HC Deb 15 March 1853 vol 125 cc246-52

said, he rose to move for a Select Committee to inquire whether the constitution of the Select Committees of that House might not be improved by diminishing the number of Members composing such Committees. At present Select Committees of that House were unfortunately constituted; because, in the first place, it often happened that there were conflicting Committees sitting at the same time, and Members of one of those bodies might be at the same time Members of another Select Committee, which rendered it impossible for them to give due attention to both. There were also Committees on Private Bills, which were an important part of the legislation of that House, and which frequently prevented a Member from giving his attention to a Select Committee; and the same hon. Gentleman might also be appointed on an Election Committee. There was another evil in the present system, and that was, that the House was in the habit of appointing certain Members upon almost every Committee; and it was impossible for them to subdivide themselves, as it were, so as to properly transact all the duties which thus devolved upon them. The hon. Member for Montrose (Mr. Hume), for instance, was supposed to possess powers of infinite divisibility; and the same thing might be said of many of the Ministers and of the leading Members of the Opposition whose names adorned the lists of Select Committees of that House. It was impossible for all these hon. Gentlemen to do their duty; and their appointment excluded many most valuable Mem- bers who might with great benefit to the public give their attention to the various subjects of inquiry. It was the duty of the House to give to its younger Members an opportunity of mingling with those of more experience; but the present system shut out this class of Gentlemen, as well as others, of whose services the public were deprived. Again, he thought these Committees might beneficially be diminished in number. They had been reduced from a much larger number, namely, thirty-six to fifteen; and he believed that even a smaller number than this would be advantageous, and that the Committee, except in cases of particular importance, might consist of nine, with a quorum of five—a change which would bring about greater unity of action, and that greater degree of responsibility which always attended diminished numbers. The present mode of nominating these Committees appeared to him also objectionable, and he would suggest that they should be nominated by the Committee of Selection. He should be very sorry to impose additional duty on the present Committee of Selection, but he thought there ought to be something like a central body, who would know what portion of the House was still disposable, and how Members were occupied, whether on Election Committees, or Select Committees, or Committees on Private Bills. Altogether he considered it very desirable that inquiry should be made, and he, hoped, therefore, the House would agree to the proposition he begged to submit.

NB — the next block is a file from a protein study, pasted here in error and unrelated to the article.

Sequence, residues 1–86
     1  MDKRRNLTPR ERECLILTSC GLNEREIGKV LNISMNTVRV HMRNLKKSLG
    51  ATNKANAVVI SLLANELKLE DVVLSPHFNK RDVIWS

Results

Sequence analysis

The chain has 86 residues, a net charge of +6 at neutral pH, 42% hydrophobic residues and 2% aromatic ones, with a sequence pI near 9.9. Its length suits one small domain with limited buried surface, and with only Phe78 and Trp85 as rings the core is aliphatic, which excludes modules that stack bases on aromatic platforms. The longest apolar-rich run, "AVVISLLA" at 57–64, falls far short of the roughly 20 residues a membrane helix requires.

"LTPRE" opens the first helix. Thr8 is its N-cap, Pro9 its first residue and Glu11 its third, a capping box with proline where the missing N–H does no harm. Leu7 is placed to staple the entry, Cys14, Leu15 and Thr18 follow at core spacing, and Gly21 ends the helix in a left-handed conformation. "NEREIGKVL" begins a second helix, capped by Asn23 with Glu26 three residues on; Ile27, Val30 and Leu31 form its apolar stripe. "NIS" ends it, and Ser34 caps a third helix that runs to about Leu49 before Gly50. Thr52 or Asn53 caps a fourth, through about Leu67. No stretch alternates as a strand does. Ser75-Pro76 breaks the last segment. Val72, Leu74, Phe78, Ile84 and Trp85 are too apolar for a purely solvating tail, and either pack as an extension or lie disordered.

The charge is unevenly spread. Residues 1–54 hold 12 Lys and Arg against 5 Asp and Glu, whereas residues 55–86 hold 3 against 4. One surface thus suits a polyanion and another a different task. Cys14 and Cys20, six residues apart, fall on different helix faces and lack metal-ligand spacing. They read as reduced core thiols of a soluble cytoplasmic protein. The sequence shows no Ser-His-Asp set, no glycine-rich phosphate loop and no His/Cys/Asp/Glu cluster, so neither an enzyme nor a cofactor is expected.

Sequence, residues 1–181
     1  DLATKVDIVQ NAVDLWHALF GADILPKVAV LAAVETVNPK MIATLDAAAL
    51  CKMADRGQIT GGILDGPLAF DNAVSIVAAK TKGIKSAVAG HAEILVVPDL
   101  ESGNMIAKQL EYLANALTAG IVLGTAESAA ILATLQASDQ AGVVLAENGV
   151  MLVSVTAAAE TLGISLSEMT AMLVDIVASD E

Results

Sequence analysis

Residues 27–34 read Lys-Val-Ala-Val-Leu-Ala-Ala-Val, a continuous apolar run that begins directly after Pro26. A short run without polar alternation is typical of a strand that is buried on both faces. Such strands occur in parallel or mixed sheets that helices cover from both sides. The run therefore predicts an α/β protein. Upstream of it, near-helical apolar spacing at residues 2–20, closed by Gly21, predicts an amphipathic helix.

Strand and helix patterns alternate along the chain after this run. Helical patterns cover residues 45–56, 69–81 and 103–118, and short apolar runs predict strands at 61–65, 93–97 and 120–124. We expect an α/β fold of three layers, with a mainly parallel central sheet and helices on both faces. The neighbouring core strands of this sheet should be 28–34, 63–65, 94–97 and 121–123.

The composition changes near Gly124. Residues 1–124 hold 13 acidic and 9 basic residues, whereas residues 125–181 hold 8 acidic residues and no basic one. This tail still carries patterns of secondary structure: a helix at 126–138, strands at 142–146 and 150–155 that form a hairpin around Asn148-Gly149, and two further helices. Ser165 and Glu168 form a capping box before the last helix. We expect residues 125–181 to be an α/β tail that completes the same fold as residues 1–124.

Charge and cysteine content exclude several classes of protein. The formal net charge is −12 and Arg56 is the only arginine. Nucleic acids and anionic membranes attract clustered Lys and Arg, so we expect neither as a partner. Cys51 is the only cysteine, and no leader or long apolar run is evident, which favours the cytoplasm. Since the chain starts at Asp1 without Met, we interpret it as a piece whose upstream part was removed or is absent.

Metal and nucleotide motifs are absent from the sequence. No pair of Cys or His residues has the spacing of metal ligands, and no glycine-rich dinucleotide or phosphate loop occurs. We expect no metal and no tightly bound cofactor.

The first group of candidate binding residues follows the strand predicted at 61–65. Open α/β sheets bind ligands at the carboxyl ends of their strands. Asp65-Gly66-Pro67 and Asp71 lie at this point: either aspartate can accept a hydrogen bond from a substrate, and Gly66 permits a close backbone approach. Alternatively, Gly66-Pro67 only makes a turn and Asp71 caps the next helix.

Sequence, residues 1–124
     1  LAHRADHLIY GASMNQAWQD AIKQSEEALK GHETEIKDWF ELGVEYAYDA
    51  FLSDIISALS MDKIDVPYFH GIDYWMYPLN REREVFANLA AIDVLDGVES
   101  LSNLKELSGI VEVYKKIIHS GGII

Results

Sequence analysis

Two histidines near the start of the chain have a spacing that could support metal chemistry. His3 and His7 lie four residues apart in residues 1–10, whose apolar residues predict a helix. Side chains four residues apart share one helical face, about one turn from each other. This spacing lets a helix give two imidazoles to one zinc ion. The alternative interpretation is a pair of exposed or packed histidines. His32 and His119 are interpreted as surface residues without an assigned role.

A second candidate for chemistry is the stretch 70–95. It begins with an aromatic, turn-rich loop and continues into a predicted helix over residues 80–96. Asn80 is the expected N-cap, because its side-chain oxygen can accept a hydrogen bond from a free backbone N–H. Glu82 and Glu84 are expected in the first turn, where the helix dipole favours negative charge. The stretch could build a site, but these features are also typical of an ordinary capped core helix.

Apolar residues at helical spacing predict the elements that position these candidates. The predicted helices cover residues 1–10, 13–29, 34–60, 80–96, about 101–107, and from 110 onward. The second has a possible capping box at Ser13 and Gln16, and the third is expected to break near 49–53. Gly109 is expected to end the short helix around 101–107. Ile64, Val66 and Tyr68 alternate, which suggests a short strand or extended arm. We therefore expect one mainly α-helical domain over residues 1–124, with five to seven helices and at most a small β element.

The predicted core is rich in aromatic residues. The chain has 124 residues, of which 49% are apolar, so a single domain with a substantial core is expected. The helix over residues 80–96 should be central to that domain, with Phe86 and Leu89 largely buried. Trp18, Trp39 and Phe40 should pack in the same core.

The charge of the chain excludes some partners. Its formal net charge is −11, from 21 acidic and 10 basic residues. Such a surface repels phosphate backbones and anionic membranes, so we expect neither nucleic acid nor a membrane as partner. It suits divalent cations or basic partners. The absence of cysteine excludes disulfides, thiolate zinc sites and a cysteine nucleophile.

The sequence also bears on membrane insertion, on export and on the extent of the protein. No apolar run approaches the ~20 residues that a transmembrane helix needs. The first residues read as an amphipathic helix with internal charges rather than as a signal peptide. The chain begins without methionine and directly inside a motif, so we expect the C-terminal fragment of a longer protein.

seconded the Motion.

Motion made, and Question proposed— That a Select Committee be appointed to inquire whether the constitution and action of the Select Committees of this House might not be improved by generally diminishing the number of Members composing such Committees, and by making provision for their giving more undivided attention to subjects submitted to their consideration than they are able to do under the present system.